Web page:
VoLTE is the future of voice calling, and it is a step in the right direction. It takes the voice calling forward from conventional circuit based calling to IP-based calling. When LTE networks were launched as part of 3GPP Release 8, the main LTE driver for the customers was a higher data rate than 2G/3G networks. The 2G and 3G mobile networks had two different parts of the network operating within them; one for voice calls and SMS, and the other for all things data. Since moving conventional voice calling to IP was a big step, especially in the beginning when 2G and 3G networks were still more widely available than 4G, LTE networks had an interim technology called circuit-switched fallback (CSFB). CSFB is the capability of LTE networks to use 2G and 3G networks for voice calls and SMS. For example, if you have a 4G phone and a SIM, CSFB allows you to make phone calls as normal, but in the background, it will be using 2G (e.g. GSM) or 3G (e.g. UMTS) networks. What VoLTE does is that it takes away that dependency on 2G and 3G networks so that if you are in an area where you only have 4G or 5G network coverage, you can still make voice calls. And not just that, VoLTE is capable of providing a better and more crisp calling experience and is also more power-efficient than other VoIP services.
Should I keep VoLTE on or off?
You should always check with your mobile operator on their WiFi and/or VoLTE calling rates, as these might differ from country to country or operator to operator. When using VoLTE, you are using mobile data via LTE to connect to the internet, which goes out of your data allowance. In addition, of course, there will be charges for the numbers you dial. To avoid bill shock, you can use spend-cap to take control of any such unforeseen costs; look at our dedicated post on spend cap. If you switch off WiFi calling or VoLTE, you will still be able to use your phone for conventional circuit-switched calling on 2G/3G networks. 4G LTE networks also have a capability called Circuit-Switched Fall Back (CSFB) which makes use of 2G/3G networks to make voice calls if VoLTE is not available.
Does VoLTE cost extra?
Generally, there are no extra charges for VoLTE, and the calling minutes come out of your normal calling allowance. So, for example, if you have 500 calling minutes as part of your monthly allowance, the minutes you use for VoLTE calling will come out of those 500 minutes, just like any non-VoLTE calls. Also, even though VoLTE makes use of the packet-switched part of the network, which is data-only, any data that VoLTE consumes does not come out of your monthly data allowance because mobile operators charge for it as calling minutes and not data. However, you must always check with your mobile operator if you are unclear to avoid any bill shocks. Each operator’s business and pricing model can differ, so you should speak to your mobile operator, especially if you are planning on using any of the services abroad.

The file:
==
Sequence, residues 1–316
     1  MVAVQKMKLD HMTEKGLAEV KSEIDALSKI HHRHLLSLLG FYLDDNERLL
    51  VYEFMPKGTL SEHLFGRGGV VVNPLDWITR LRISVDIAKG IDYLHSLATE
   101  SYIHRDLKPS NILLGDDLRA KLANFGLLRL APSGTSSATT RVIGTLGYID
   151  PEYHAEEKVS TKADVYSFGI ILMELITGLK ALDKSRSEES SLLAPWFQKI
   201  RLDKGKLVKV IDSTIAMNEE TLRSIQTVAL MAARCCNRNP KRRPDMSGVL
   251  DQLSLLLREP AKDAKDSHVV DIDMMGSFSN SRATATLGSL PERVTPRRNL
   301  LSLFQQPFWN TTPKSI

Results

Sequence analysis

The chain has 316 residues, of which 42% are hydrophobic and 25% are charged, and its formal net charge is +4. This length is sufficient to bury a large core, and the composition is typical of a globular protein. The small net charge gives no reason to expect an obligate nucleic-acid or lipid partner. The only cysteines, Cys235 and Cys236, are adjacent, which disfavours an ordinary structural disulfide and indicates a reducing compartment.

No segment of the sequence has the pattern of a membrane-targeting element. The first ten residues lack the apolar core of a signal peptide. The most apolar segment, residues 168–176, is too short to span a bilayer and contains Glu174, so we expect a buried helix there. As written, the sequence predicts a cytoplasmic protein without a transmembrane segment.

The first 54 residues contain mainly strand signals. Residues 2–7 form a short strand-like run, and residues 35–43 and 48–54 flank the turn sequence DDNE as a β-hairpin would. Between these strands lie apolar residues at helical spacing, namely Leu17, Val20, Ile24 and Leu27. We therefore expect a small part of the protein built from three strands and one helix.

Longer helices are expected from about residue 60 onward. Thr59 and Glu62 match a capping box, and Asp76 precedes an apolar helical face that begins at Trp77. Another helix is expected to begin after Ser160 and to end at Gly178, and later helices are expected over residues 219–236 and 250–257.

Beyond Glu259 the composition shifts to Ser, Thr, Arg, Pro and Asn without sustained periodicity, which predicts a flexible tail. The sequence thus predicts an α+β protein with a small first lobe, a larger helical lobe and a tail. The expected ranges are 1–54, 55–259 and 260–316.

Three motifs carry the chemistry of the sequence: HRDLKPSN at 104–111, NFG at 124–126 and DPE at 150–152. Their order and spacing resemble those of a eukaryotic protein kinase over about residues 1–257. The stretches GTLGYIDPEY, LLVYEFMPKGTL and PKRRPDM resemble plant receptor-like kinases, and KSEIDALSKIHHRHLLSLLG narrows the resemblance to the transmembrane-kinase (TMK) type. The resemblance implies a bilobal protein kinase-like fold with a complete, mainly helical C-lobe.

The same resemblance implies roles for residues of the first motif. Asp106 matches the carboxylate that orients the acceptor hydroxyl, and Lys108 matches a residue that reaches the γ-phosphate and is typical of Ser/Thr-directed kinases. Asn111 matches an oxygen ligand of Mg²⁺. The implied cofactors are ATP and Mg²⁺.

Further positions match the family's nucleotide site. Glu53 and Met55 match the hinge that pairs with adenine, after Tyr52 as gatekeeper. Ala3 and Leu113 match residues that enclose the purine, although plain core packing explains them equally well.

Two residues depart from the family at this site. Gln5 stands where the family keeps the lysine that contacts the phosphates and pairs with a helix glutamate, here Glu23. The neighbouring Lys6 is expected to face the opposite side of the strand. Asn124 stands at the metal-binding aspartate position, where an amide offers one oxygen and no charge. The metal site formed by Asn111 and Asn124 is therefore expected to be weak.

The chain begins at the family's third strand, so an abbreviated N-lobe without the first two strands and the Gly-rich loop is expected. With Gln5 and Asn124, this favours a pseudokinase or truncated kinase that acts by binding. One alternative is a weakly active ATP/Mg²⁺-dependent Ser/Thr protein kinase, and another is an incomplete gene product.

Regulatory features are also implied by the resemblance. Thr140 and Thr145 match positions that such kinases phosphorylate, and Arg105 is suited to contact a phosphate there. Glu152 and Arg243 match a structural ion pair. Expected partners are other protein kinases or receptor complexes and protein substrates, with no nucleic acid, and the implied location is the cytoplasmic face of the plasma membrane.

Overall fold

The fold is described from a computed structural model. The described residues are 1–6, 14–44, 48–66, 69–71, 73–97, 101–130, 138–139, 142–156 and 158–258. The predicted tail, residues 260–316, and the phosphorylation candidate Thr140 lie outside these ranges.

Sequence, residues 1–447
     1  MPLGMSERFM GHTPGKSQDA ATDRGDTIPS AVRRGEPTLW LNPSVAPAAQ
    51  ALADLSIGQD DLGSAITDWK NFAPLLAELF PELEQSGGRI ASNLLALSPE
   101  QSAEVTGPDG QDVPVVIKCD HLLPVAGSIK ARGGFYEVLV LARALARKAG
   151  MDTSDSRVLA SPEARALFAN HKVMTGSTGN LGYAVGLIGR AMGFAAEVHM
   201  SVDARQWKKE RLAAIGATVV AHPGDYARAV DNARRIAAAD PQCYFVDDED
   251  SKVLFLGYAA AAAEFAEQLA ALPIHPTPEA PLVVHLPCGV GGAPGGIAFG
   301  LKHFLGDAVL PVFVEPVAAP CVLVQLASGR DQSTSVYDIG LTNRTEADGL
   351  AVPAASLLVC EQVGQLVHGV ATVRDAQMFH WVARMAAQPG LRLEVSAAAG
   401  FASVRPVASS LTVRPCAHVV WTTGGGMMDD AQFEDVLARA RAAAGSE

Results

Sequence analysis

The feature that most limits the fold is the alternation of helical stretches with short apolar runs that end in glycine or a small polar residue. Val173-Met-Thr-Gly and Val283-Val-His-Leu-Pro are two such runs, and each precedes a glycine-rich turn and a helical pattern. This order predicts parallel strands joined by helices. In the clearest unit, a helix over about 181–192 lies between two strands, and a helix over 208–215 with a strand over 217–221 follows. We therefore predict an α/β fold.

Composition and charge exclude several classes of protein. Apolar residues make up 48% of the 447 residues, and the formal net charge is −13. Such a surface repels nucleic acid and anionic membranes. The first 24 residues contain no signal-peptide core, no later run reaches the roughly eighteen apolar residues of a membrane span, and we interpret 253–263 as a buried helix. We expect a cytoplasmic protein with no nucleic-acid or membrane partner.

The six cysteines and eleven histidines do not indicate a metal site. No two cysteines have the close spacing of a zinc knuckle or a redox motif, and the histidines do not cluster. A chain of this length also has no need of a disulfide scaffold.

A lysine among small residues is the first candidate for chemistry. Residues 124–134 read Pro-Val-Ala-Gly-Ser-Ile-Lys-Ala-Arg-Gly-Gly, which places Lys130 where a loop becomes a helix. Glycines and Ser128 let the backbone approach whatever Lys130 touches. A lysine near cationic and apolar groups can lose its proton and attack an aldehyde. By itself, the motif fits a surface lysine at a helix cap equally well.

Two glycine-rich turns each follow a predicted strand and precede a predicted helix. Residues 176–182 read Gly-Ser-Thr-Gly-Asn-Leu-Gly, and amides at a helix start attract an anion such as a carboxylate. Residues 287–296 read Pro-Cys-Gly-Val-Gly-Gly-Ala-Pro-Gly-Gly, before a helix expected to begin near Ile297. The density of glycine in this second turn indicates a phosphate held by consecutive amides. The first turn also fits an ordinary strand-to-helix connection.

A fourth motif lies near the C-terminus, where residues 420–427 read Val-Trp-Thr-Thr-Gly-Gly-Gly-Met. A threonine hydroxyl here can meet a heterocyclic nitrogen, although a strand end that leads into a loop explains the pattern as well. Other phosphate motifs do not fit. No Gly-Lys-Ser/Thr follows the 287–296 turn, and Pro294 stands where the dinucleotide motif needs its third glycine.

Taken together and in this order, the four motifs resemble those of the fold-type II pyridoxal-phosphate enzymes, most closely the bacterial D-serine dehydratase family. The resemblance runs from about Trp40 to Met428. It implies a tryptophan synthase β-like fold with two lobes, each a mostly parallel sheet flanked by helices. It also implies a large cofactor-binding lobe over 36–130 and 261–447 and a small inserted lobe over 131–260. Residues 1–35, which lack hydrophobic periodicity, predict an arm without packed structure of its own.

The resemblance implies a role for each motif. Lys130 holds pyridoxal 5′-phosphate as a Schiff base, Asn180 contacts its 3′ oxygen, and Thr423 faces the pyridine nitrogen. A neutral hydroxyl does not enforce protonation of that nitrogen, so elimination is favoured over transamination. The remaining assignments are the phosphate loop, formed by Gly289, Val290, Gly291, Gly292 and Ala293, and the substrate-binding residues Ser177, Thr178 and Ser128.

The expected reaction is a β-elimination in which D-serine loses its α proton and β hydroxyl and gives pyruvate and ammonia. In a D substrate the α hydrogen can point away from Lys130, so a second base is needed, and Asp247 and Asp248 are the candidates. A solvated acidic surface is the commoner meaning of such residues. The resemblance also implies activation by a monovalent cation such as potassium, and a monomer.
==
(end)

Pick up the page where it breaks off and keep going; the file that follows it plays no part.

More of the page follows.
How do I get rid of the VoLTE symbol?
Not all phones show a symbol on top of your phone screen when VoLTE is enabled, but it is possible to turn VoLTE off on your phone. If you want to do that, generally, you can find the VoLTE tab by going to “Settings” and then “Mobile Data” or “Mobile Networks” tab. Below are some screenshots and guidance to help you do that some iPhone and some Android phones:
To turn off VoLTE on an iPhone, you need to go to Settings->Mobile Data->Mobile Data Options->Voice & Data. That will take you to the tab where you can use a slide button to enable/disable VoLTE.
You are likely to find the VoLTE option on Andriod phones under the “Mobile Networks” tab. An example below for a Samsung phone:
To turn off VoLTE, go to: Settings->Connections->Mobile networks. That will take you to the following tab so you can enable/disable VoLTE:
VoLTE or Voice over LTE is a fourth-generation (4G) technology that enables voice calls and SMS over 4G LTE networks. In the absence of VoLTE, the only way 4G networks can facilitate voice calls is by using a 2G/3G fallback option called Circuit-Switched Fallback (CSFB), which utilises legacy networks (2G/3G) for voice calls. VoLTE is a packet-switched technology enabled by IMS (IP Multimedia Subsystem) in mobile networks. It relies on data packets instead of conventional circuits to make voice calls and send text messages (SMS).
Here are some helpful downloads
Thank you for reading this post, I hope it helped you in developing a better understanding of cellular networks. But sometimes, we need some extra support especially when preparing for a new job, or studying a new topic, or maybe just buying a new phone. Whatever you are trying to do, here are some downloads that can help you:
Students & fresh graduates: If you are just starting, the complexity of the cellular industry can be a bit overwhelming. But don’t worry, I have created this FREE ebook so you can familiarise yourself with the basics like 3G, 4G etc. As a next step, check out the latest edition of the same ebook with more details on 4G & 5G networks with diagrams. You can then read Mobile Networks Made Easy which explains the network nodes e.g. BTS, MSC, GGSN etc.
Professionals: If you are an experienced professional but new to mobile communications, it may seem hard to compete with someone who has a decade of experience in the cellular industry. But not everyone who works in this industry is always up to date on the bigger picture and challenges given how quickly the industry evolves. The bigger picture comes from experience which is why I’ve carefully put together a few slides to get you started in no time. So if work in sales, marketing, product, project or any other area of business where you need a high-level view, Introduction to Mobile Communications can give you a quick start. Also, here are some templates to help you prepare your own slides on product overview and product roadmap.